Section 7’s broad definition of ‘gender reassignment’ is not an access pass for spaces provided for the privacy or needs of members of the opposite sex.

It should be obvious that no “special circumstances” are needed to exclude a man who says he intends to “live as a woman” from communal services provided for the privacy, dignity or particular needs of women. If on Tuesday Colin declares Colin’s intention to transition it is as inappropriate to be in the women’s showers as it was on Monday. If Colin’s changes name to Cilla and pronouns to she/her and declares this a complete transition, this is fully valid on Cilla’s part. But still it does not confer the right to share intimate spaces with members of the opposite sex without their consent, and no “special circumstances” need be invoked to ask Cilla to respect other people’s privacy.

This is not a question of treating someone with the protected characteristic “gender reassignment” differently, but treating them the same as others (who also do not have the right to access services provided for members of the opposite sex).

Providing unisex options in addition to single/separate sex meets the needs of anyone at any stage of a personal transition who may not wish to share with members of their own sex.

The survey says: less than 50% of people agree that transgender people should be able to use services for the opposite sex, and even fewer if it is understood this is without surgery

The YouGov poll found that fewer than 50% of people in the UK think that trans people should be able to use changing rooms of the opposite sex. This number drops, and is overtaken by people who say absolutely not, when the question specifies that the person has not had genital surgery.

Coloured ticks are nice YouGov, but the data would be better – NB: pale coloured green ticks mean “fewer than 50%” agree with this.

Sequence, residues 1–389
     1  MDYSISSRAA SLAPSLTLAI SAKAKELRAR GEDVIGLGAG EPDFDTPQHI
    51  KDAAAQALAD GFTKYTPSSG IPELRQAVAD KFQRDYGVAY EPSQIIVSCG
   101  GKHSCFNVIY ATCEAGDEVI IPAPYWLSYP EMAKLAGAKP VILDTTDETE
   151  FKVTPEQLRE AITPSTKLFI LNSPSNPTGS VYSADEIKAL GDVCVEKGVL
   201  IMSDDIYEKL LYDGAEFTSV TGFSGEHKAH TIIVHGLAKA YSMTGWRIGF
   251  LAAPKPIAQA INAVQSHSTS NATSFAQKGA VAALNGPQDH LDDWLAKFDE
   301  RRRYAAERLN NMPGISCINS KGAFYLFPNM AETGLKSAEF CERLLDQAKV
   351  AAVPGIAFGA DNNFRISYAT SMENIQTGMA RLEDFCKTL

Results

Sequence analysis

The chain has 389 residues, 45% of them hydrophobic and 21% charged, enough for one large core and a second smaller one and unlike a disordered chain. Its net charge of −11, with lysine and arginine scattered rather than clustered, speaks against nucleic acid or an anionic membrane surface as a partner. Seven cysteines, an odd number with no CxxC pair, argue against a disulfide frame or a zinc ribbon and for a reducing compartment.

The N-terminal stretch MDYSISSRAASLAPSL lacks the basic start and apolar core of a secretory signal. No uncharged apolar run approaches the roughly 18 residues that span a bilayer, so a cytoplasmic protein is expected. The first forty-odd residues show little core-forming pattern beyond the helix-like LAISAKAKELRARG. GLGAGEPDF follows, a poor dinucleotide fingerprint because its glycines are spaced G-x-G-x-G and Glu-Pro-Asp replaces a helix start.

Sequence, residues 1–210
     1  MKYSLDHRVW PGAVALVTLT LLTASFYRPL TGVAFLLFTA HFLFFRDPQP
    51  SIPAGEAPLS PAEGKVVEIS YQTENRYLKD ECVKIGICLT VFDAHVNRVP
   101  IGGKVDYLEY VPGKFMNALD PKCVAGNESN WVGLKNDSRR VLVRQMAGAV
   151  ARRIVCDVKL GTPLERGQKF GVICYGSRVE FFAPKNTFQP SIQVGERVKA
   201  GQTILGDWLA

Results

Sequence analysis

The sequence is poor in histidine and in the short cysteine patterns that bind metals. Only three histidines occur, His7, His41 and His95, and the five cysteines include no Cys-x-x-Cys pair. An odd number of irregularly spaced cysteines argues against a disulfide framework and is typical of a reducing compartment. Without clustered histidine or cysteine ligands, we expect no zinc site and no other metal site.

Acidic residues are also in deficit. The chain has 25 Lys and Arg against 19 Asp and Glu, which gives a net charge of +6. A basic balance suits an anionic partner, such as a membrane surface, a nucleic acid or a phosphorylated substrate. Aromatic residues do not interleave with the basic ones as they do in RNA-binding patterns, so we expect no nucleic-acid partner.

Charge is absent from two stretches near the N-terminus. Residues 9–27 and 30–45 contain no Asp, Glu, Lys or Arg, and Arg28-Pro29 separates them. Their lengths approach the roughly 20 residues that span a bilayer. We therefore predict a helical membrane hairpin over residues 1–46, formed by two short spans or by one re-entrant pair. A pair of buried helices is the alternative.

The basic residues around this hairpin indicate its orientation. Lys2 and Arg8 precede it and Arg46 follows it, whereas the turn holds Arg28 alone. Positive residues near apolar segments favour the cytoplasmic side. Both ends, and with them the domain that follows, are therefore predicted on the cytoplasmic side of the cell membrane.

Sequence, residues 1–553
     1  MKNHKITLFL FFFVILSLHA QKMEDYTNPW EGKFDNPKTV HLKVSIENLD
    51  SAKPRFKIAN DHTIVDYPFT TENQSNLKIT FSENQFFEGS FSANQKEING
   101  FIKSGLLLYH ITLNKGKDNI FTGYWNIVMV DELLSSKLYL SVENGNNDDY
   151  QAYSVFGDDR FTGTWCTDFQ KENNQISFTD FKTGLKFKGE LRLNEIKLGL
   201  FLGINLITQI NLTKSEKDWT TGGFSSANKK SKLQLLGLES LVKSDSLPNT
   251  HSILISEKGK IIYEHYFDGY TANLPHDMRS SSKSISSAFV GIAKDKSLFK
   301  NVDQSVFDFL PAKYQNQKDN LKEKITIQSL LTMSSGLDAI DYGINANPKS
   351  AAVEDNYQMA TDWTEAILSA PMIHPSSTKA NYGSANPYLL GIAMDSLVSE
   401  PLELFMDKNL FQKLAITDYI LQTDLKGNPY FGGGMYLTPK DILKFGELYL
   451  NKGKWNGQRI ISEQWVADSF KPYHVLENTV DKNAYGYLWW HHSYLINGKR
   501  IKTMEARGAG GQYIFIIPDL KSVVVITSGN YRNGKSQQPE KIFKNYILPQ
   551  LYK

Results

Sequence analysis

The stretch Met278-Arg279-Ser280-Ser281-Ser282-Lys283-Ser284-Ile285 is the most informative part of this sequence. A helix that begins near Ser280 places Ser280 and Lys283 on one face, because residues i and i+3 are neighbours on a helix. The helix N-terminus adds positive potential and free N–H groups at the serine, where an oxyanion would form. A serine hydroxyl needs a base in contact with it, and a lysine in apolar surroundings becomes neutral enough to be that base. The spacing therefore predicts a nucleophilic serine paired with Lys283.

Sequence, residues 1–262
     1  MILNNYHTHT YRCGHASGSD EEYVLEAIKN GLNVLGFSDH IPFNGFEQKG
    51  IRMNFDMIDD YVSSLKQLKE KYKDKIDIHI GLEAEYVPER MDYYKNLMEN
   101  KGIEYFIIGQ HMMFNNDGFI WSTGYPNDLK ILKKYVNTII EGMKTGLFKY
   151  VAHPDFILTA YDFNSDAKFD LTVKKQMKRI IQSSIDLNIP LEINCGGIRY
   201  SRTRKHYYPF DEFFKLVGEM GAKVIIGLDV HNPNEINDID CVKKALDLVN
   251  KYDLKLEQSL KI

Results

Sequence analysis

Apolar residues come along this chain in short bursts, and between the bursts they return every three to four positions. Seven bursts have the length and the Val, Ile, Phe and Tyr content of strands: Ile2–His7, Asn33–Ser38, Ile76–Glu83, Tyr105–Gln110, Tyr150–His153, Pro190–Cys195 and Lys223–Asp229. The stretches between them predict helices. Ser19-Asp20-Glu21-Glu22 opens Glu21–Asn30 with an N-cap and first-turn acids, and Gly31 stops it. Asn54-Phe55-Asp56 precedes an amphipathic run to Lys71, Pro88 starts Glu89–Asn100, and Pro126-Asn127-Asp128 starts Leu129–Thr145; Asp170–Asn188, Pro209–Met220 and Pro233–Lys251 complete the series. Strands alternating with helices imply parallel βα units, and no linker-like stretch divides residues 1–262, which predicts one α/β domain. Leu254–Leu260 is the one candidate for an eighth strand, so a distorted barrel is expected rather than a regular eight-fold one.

Legally, whether someone has had genital surgery or not does not determine their transgender status (either under the Equality Act or the Gender Recognition Act) . And in practice it would be inappropriate to ask. In a situation (such as a hospital or a workplace) where the organisation is in a position to know whether a person has had surgery it would be inappropriate for them to share this information with other users of a single sex space.

Clear and unambiguous guidance cannot tell service providers or users that access is offered on the basis of gender reassignment surgery, clothing or appearance.

House of Commons research: Skipping over the single sex exceptions altogether

It is late in the day of this debate for the House of Commons Library to be publishing basic research. And stunningly its new research briefing on Gender recognition and the rights of transgender people. gets the Equality Act wrong.

In setting out the legal basis for single sex services it skips straight over the single and separate sex exceptions themselves (Schedule 3 paragraphs 26 and 27 of the Equality Act 2010) and goes straight to paragraph 28 which focuses on “gender reassignment discrimination” in services.

It is paragraphs 26 and 27 of Schedule 3 the Equality Act which set out reasons why it may be a proportionate means of achieving a legitimate aim to provide single and separate sex services (including for everyday bodily privacy: in circumstances where it is reasonable for one person to object to the presence of a person of the opposite sex).

As explained above (and by discrimination lawyer Audrey Ludwig ) having the protected characteristic “gender reassignment” does not mean that a person loses the protected characteristic of sex. And if someone does not have a Gender Recognition Certificate, then unambiguously their legal sex is the same as it was the day they were born.

It is paragraphs 26 and 27 and their exceptions to the rules on sex discrimination which enables single and separate sex services (i.e. sex based rules) where they are justified.

The House of Commons briefing seems to be searching for the “special circumstances” argument and it zeroes in on the explanatory notes to paragraph 28 which state that:

In a group counselling session is provided for female victims of sexual assault. The organisers do not allow transsexual people to attend as they judge that the clients who attend the group session are unlikely to do so if a male-to-female transsexual person was also there. This would be lawful.

Presumably this example in the guidance relates to a male-to-female transsexual person with a GRC (i.e. legally female), since a transsexual person without a GRC would be excluded on the basis of their sex (i.e. under paragraph 26, not 28).